Back in the day, the workday ended when you left work. Stores closed in the late afternoon and did not reopen until mid-morning the next day. You couldn’t go shopping after work. You went home and relaxed. Sure, some people brought home papers to read. As a kindergarten teacher, I often made samples for my school children to follow and I also cut out hundreds of shapes for bulletin boards. However, if someone wanted to reach me, they called my landline (although we didn’t call it that) and if I wasn’t home, they left a message. I could choose when to respond to the message. I often waited until the next day. Imagine that! We didn’t have the instant communication that we have now.

Being so connected to anyone and everyone adds to the feeling that if someone (particularly if it’s work related) reaches out, you must respond as soon as possible. This adds to your stress level.  Consider rightsizing your life by turning off your phone or at least putting it on silent in the evening. Find time to unplug.

Think about yourself

We spend so much time taking care of those we love that we sometimes forget to take care of ourselves. Make a list of small things that you can do for yourself that make you feel happy. Here are a couple of questions to get you started. Do you like to read magazines? Take a 10 to 15-minute break to read an article. Does taking a bath appeal to you? Maybe you remember the Calgon bath ads where the woman is transported to another world when she steps into a Calgon bubble bath. Here’s a link in case you don’t remember the ad. Taking time for yourself so that you can relax allows you to be more in control when faced with challenges.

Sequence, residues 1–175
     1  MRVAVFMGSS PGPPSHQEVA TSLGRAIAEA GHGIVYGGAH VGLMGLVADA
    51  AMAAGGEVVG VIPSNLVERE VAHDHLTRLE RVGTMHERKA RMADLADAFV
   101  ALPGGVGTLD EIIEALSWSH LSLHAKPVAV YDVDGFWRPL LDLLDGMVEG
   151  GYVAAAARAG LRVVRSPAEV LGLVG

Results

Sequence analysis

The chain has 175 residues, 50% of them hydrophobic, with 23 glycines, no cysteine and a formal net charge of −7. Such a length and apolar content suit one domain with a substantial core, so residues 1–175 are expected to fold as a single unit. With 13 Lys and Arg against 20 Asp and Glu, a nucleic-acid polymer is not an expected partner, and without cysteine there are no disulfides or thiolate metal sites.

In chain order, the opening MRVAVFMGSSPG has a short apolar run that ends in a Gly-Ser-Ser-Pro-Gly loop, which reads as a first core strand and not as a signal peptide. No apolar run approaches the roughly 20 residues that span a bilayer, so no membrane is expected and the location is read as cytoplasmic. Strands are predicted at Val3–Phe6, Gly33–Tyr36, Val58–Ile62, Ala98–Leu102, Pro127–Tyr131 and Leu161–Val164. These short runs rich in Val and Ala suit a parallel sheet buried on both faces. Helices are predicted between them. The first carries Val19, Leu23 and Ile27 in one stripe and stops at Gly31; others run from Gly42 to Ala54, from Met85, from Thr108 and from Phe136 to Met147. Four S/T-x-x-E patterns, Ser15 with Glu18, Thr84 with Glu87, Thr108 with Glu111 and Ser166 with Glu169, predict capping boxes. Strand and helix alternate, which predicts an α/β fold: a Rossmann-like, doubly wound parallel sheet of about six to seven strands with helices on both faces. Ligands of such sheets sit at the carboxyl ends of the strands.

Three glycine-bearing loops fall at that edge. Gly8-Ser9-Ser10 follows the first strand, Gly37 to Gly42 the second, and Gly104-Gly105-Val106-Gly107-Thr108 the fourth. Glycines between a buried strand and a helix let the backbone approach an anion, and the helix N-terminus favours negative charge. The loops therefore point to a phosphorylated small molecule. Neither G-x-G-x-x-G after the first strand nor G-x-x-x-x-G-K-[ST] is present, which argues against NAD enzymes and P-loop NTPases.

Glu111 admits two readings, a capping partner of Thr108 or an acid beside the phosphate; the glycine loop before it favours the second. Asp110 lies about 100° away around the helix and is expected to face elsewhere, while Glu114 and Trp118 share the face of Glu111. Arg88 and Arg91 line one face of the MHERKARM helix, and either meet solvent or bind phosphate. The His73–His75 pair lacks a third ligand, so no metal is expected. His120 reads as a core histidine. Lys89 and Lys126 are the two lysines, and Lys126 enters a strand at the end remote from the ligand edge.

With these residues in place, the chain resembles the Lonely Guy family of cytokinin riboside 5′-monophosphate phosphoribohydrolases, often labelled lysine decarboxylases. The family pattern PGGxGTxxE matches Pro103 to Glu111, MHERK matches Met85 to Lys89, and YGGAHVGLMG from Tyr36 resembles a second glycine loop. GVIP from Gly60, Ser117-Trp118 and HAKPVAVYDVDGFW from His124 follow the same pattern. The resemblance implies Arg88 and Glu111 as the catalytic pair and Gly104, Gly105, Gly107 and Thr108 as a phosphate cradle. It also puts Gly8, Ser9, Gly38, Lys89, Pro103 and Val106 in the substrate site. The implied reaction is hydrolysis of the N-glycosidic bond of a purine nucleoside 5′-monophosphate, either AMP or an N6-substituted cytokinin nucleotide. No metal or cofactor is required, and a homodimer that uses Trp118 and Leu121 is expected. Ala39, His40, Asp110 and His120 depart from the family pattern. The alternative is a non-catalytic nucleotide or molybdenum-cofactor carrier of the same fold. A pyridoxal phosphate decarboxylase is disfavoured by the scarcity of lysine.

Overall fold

Get more sleep

It’s a fact that we, I’m including myself in this, generally do not get enough sleep. The National Sleep Foundation reports that most adults should sleep between 7 and 9 hours a night. I’m lucky if I get 6 hours of sleep a night. How about you?

Our brains need to filter through all the information we’ve taken in during the day and file it so that we can retrieve it later. When we don’t pay attention to the amount of good sleep, we’re getting our brains don’t function as well as they could.